Dr Christopher Quince
My research spans both bioinformatics and mathematical modelling applied to microbial communities. Environmental genomics coupled to next-generation sequencing has transformed microbial ecology. Direct sequencing of DNA can reveal both community composition but also function. Sequencing of the 16S rRNA gene following PCR amplification has revealed striking levels of diversity in many environments. However, it is vital to distinguish noise from true variation when determining diversity. I have developed a software pipeline, AmpliconNoise, for removing noise from 454 pyrosequenced amplicons. I am now extending these algorithms to other sequencing platforms principally MiSeq and IonTorrent. Shotgun metagenome data, is potentially much more informative than 16S rRNA, as functional genes can be obtained but this added complexity makes interpretation difficult. As part of a TSB funded project in collaboration with Unilever I am developing a robust easy-to-use software pipeline for processing of shotgun metagenome data specifically for commercial applications. My long-term goal is to link metagenomics with others forms of high-throughput data, e.g. metatranscriptomics and metabolomics, in order to parameterise mathematical models capable of predicting community function. I apply these methods to a wide-range of systems from soil to the human microbiome. I am the recipient of a prestigious EPSRC Career Acceleration Fellowship to apply genomics to environmental engineering systems. We have succeeded in characterising the microbial diversity of water treatment filters and are now using that information to manipulate communities for improved pollutant removal.
Modelling Synthetic Microbial Communities.
For synthetic biology to reach its full potential, experimental advances must be accompanied by the development of mathematical tools capable of predicting the functioning of the designed organisms. This will enable organisms to be optimised for a specific role e.g. to maximise production of a desired compound. To model an organism’s metabolism, gene expression and regulation completely is extremely challenging. It may be possible in some very well studied systems, e.g. E. coli, but when that information is absent, flux balance analysis (FBA), which requires only the topology of the metabolic network, has proved useful for identifying potential bottle-necks that can be targeted to increase production. Many processes in environmental engineering, for example anaerobic digestion (AD), the conversion of organic waste into biogas, a renewable form of energy, involve not a single organism but a community of interacting organisms. However, the extension of these models, to multiple species, some potentially naturally occurring and others designed presents even more challenges. It is then important to consider how the different populations will interact with each other. We are developing models capable of predicting the function and dynamics of these communities from a combination of metabolic networks for the individual species and kinetic parameterisation from growth experiments. The approach is to couple the metabolic models through substrates and products in the environment with demographic processes controlling the growth of populations (Figure 1). We are validating the models through simple experiments on synthetic communities of known organisms capable of performing AD. Once developed this will provide a framework for optimising synthetic AD communities for biogas production.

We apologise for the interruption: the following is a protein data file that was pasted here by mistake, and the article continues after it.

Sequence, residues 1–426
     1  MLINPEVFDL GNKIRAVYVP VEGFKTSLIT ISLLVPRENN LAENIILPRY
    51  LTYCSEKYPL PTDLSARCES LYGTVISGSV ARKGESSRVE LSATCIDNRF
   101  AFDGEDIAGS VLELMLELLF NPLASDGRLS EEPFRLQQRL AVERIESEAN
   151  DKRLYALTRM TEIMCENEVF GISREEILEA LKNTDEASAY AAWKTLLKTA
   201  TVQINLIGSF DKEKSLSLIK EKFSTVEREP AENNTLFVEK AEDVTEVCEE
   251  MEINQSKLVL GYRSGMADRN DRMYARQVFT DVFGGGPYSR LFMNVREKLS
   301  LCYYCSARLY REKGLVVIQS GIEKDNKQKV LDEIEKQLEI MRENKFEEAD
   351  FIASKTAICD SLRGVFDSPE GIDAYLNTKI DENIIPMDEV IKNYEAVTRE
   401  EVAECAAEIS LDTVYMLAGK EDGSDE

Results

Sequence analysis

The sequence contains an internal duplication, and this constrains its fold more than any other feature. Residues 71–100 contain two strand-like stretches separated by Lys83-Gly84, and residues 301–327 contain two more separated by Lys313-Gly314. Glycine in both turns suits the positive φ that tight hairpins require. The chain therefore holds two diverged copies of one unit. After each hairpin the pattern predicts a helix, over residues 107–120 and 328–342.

Fig. 1 schematic of model structure linking individuals from different species with different metabolisms to the environment
Academic and industrial links:
I have extensive links with Unilever, two students and one PDRA, are funded by them through a direct grant my group to develop bioinformatics tools for microbial community analysis. As mentioned above we also collaborate with Unilever through a joint TSB grant. I have links with the water industry both in the UK and India. I have collaborations with Scottish and Northumbrian Water studying microbial communities in water treatment plants and a collaboration with pharmaceutical manufactures in Mumbai to develop better water treatment methods for pharmaceutical waste. My academic links span both national and international universities. I collaborate with a mathematician Dr Todd Parsons at Marie-Curie Universitie in Paris. I work with numerous groups in the United States, for example Dr Peter Turnbaugh in Harvard. I am jointly supervising students both in Stockholm (SciLifeLab) and in Australia (Hawkesbury Institute for the Environment). I work with U.K. based researchers at Liverpool, Newcastle, Bangor and Aberdeen and of course the University of Glasgow itself where I work with researchers from engineering, biology and medicine.